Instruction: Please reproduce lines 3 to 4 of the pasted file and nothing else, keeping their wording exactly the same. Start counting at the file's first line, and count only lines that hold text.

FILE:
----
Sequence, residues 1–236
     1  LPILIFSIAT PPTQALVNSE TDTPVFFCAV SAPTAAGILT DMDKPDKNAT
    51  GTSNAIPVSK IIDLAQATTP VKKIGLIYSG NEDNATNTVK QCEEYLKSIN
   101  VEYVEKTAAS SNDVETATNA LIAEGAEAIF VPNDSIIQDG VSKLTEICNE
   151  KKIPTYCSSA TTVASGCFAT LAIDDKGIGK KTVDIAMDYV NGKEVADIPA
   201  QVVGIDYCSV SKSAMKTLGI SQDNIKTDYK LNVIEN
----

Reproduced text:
    51  GTSNAIPVSK IIDLAQATTP VKKIGLIYSG NEDNATNTVK QCEEYLKSIN
   101  VEYVEKTAAS SNDVETATNA LIAEGAEAIF VPNDSIIQDG VSKLTEICNE